Canadian e-business awarded an A minus

Canada gets good grades when it comes to e-business adoption – but there’s still room for improvement, according to the recently released final Canadian E-Business Opportunities Roundtable report. “Overall, this is an A minus report card,” said David Pecaut, CEO of iFormation Group (New York) and Canadian E-business Opportunities Roundtable chairman. “As a country, we have made substantial progress both in improving the tax and regulatory environment for e-business and in consumer connectivity.”

A public-private sector initiative created in 1999 to boost Canada’s profile in the Internet economy, the Round-table’s final report, “Fast Forward 3.0: Maintaining the Momentum,” highlights the progress made by the Canadian e-business sector.

It found that Canada now ranks above or very close to the U.S. in terms of total Internet users and Internet hosts and sits at the top of G7 countries in the share of population that uses the Internet.

Among the report’s other findings:

– According to market research firm IDC, the Canadian e-commerce market jumped from US$15.6 billion in 2000 to US$26.4 in 2001 – an increase of 69 per cent.

– Roundtable recommendations to reduce corporate taxes in order to boost e-business adoption have met with success, the report found. In 2000, the federal capital gains inclusion rate dropped from 75 per cent to 50 per cent, improving the “climate for e-business and innovation in Canada.”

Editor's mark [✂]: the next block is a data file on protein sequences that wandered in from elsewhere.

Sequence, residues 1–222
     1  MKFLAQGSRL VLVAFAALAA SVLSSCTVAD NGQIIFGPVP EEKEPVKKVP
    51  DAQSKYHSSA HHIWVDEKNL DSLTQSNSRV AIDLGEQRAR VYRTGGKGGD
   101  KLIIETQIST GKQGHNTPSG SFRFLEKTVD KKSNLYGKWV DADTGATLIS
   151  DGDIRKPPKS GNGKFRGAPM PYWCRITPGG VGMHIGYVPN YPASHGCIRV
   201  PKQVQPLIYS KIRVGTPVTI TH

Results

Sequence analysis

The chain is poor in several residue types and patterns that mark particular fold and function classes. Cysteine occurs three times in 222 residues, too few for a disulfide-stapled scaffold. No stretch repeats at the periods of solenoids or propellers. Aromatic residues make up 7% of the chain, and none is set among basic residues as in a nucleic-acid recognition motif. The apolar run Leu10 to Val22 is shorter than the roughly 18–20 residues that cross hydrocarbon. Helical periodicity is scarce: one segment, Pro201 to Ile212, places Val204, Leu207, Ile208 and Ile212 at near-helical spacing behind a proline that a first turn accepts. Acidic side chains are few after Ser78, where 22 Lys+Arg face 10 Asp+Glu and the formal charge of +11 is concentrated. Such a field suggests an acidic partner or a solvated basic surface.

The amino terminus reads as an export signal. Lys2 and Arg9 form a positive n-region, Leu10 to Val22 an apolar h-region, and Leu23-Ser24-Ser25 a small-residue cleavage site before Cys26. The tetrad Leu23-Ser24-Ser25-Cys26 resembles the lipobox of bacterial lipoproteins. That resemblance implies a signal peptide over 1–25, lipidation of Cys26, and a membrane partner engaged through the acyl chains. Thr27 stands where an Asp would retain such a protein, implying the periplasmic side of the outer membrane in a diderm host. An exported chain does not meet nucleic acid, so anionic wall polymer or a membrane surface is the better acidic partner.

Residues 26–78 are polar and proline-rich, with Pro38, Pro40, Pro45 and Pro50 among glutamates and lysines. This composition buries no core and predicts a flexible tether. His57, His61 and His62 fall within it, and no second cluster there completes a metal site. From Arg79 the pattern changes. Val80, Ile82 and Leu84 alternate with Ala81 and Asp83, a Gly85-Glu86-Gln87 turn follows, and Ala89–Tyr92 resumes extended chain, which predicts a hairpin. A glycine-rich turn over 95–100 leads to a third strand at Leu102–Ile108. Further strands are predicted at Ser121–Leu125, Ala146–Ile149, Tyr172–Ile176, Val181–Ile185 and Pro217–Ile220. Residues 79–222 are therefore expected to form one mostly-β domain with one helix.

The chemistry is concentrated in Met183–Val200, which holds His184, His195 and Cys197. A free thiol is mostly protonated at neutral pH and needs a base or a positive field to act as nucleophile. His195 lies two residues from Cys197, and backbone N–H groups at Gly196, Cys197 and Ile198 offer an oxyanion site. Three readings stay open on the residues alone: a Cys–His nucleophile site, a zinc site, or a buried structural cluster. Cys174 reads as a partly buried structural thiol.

– Recommendations to boost growth through Government On-Line (GOL) has in part resulted in the government providing $600 million to implement the GOL strategy by 2005. The government has also committed more resources toward the IT infrastructure of its departments and agencies.

– Up from 53 per cent in 1999, 63 per cent of Canadian businesses are now online, with the level of connectivity continuing to rise.

“Perception still trails performance,” but Canada’s global e-business brand jumped three spots to number four in the e-readiness ranking complied by the Cambridge, Mass.-based Economist Intelligence Unit and Pyramid Research.

Andrew Sage, director of marketing for Ottawa-based Cisco Systems Canada and Roundtable member, said government changes would encourage and stimulate Canadian e-business investment. “What we hope is that it’s going to attract businesses to Canada,” Sage said.

“As a result of recommendations from the Roundtable, the federal government has created a Government On-Line agency. That’s going to benefit all of us in the future in terms of using government services.”

Sage added that the Roundtable work would be continued by the new public-private sector Canadian e-Business Initiative.

The full report can be found at

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